The bone loss, diagnosed as osteopenia or osteoporosis depending on severity, increases the risk for fractures. Metabolism slows, along with the production of energy and body heat, and growth is arrested.
The Gastrointestinal System
The gastrointestinal system experiences slowing of the GI muscles, delayed gastric emptying, constipation, impaired colonic transit time and possible hepatitis. There can be more complications if purging behaviors are occurring.
Purging by vomiting can cause erosion of tooth enamel and destruction of esophageal tissue with possible tears and bleeding. It can even cause a ruptured esophagus or changes to the tissue lining that increase the risk for esophageal cancer (called Barretts esophagus). Purging by laxative abuse can cause destruction to muscles in the colon.
The Pulmonary System
The pulmonary system experiences muscle wasting and decreased pulmonary capacity with starvation. Decreased production of red blood cells, white blood cells and platelets occur. The brain also shrinks in size (cerebral atrophy) with cognitive impairment, peripheral neuropathy, and possible seizures.
Kidney function is impaired by dehydration, but also by excess consumption of water. Overall body muscle wasting occurs. The skin becomes dry and the skin color changes. Loss of hair on the head may occur while lanugo hair (the fine, downy hair on a newborn) may return on the body (Mehler, 2014).
The Chronic Nature of Anorexia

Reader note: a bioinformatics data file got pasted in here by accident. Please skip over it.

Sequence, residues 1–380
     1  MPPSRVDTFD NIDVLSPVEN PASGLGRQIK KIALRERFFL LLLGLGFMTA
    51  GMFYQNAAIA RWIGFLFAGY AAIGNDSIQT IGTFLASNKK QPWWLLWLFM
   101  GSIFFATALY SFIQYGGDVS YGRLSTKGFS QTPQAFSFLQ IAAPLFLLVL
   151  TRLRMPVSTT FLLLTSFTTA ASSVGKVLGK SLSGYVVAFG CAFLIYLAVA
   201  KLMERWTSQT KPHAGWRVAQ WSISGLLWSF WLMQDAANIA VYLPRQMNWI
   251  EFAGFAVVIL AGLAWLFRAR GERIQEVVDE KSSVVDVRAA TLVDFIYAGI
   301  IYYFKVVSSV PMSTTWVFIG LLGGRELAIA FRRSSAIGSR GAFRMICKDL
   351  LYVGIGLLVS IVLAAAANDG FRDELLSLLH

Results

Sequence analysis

Anorexia nervosa has the highest mortality rate of any mental disorder and is further complicated by its chronic nature. Patients can progress periodically through treatment but frequently relapse into periods of malnutrition, with its life-threatening and destructive complications.
Steinhausen reviewed 119 studies covering 5,590 patients suffering from anorexia nervosa that were published in English and German literature. They were analyzed for mortality, global outcome, and other psychiatric disorders. The mortality rate was significantly higher.
Among those who survived, on average less than one-half recovered, one-third improved, and 20% remained chronically ill.
Unfortunately, Steinhausen concluded that there was no convincing evidence that the outcome of anorexia nervosa improved over the second half of the last century. However, a longer duration of follow-up and younger age at onset of illness was associated with better outcomes (Steinhausen, 2002).
The anorexia death rate is the highest of all mental illnesses as it is a very complex and complicated disorder. It requires early diagnosis and access to care with close follow-up and often long-term treatment.
- Arcelus, J., Mitchell, A. J., Wales, J., & Nielsen, S. (2011). Mortality rates in patients with Anorexia Nervosa and other eating disorders. Archives of General Psychiatry, 68(7), 724-731.
- Mehler, P (2014). Anorexia nervosa in adults and adolescents: Medical complications and their management. In T.W. Post (Ed.), UpToDate. Waltham, MA. (Accessed on December 30, 2014)
- Mehler, P.S., & Andersen, A.E. (1999). Eating Disorders: A Guide to Medical Care and Complications. Baltimore, MD: The Johns Hopkins University Press.
- Steinhausen, H.C. (2002). The outcome of anorexia nervosa in the 20th century. American Journal of Psychiatry, 159(8), 1284-1293.
- Sullivan, P.F. (1995). Mortality in Anorexia Nervosa. American Journal of Psychiatry, 152(7),1073.
The opinions and views of our guest contributors are shared to provide a broad perspective of eating disorders. These are not necessarily the views of Eating Disorder Hope, but an effort to offer discussion of various issues by different concerned individuals.
Last Updated & Reviewed By: Jacquelyn Ekern, MS, LPC on February 8, 2018
Published on EatingDisorderHope.com